Jessica Festa a RoamRight Blog Author

Common Travel Scams In Europe


Traveling through Europe is an enriching experience everyone should have at least once in their lifetime. That being said, the continent is unfortunately home to a number of travel scams one should be aware of. While it's possible to have a hassle-free trip without encountering a single con artist, it's a good idea to keep the following common travel scams in mind just in case.

The Good Samaritan

Unfortunately, not all acts of kindness are genuine when traveling through Europe. Be wary of locals who go out of their way to do something nice for you, as it's sometimes part of a hoax. For example, if someone offers to pick something up that you've dropped–which is typically something they've actually planted on the floor–don’t lose sight of your wallet. Moreover, if said thing is a ring or something of possible value don’t be surprised if the good Samaritan offers to purchase it from you for a “good price,” even if it wasn't yours to begin with. Typically, it's an attempt to rip you off. Additionally, if a local offers to show you to the nearest ATM, politely decline. This is a common scam to steal your pin number. These are just a few of the many Good Samaritan scams, so stay alert when favors are offered out of nowhere.

Fake Police

One popular scam travelers to Europe should be wary about thieves posing as fake police officers. Typically these people hang out near popular tourist sites, and will ask to check your wallet for counterfeit money. Once you hand over your cash, they'll confiscate it and possibly take your entire wallet. If a police officer approaches you while you're traveling through Europe politely ask them to see their official identification to help protect yourself from this ruse.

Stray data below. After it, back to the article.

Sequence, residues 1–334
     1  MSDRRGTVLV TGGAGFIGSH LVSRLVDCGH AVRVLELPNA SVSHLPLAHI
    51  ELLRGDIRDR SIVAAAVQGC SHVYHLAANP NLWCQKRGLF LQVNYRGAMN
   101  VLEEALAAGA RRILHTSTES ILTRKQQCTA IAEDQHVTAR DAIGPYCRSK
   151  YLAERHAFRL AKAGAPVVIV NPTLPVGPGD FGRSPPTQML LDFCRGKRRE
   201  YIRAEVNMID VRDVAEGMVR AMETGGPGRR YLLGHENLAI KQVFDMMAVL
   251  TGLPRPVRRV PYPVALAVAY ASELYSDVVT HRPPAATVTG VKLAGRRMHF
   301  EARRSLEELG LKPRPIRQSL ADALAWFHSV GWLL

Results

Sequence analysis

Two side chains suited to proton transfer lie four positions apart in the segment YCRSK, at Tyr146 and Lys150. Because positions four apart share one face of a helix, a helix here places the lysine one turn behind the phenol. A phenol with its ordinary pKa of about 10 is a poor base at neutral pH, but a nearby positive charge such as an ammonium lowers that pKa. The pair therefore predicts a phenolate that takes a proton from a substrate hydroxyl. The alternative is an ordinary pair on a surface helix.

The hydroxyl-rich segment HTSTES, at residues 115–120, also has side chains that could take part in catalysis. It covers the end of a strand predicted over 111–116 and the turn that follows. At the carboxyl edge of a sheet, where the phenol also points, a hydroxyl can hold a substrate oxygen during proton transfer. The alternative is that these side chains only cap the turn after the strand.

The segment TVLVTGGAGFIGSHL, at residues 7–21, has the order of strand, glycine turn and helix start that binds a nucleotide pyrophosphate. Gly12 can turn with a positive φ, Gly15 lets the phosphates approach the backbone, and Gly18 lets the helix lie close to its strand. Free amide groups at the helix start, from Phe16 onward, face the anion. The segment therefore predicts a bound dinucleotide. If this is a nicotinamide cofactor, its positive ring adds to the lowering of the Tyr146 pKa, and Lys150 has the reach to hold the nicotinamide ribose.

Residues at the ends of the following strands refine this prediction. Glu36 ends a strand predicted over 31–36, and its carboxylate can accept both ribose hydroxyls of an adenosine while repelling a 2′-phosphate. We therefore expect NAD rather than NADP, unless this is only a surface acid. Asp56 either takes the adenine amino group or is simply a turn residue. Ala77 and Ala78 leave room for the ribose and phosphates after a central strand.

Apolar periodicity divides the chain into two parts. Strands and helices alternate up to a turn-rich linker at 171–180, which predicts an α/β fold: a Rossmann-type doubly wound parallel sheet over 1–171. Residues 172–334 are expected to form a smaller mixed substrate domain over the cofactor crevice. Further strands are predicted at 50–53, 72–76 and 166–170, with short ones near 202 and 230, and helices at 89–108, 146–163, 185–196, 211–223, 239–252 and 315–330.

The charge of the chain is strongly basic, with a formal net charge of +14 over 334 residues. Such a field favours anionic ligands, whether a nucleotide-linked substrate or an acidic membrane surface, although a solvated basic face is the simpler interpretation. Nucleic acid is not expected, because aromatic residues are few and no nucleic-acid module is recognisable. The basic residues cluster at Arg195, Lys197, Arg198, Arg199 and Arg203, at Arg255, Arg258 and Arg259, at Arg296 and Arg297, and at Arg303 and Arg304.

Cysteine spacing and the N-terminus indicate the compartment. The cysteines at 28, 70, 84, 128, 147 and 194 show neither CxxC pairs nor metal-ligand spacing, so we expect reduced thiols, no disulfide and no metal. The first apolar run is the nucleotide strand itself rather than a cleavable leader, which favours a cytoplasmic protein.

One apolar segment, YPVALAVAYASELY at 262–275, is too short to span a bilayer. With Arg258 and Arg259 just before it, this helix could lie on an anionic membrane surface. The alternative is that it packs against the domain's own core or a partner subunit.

The Distraction

Many times, those trying to steal your valuables will try to create a diversion so you switch your focus from yourself to something else. For these skilled scammers, it takes less than a second to pick your pocket. Spontaneous fights, attractive locals with flirty demeanors, and groups of chatty children are a few of the many possible distractions. In some cities–particularly Rome–you may also see a local woman stumble and throw a "baby," which is actually a doll meant to distract potential scam victims. 

The Bag Cut/Snatch

Pickpockets in Europe have some interesting ways of snatching your bag. For example, never keep your purse on the floor between your legs at a restaurant, or there's a good chance it won't be there when you leave. Additionally, it's relatively common on subways and in crowded places for pickpockets to cut the bottom of a purse and snatch your valuables that way. To avoid having this happen to you it's important to be extra vigilant with your purse, or if possible leave it at home and wear a money belt or pickpocket-proof clothing so thieves don’t know you have money on you. Also refrain from showing off your valuables, as this makes you a prime target.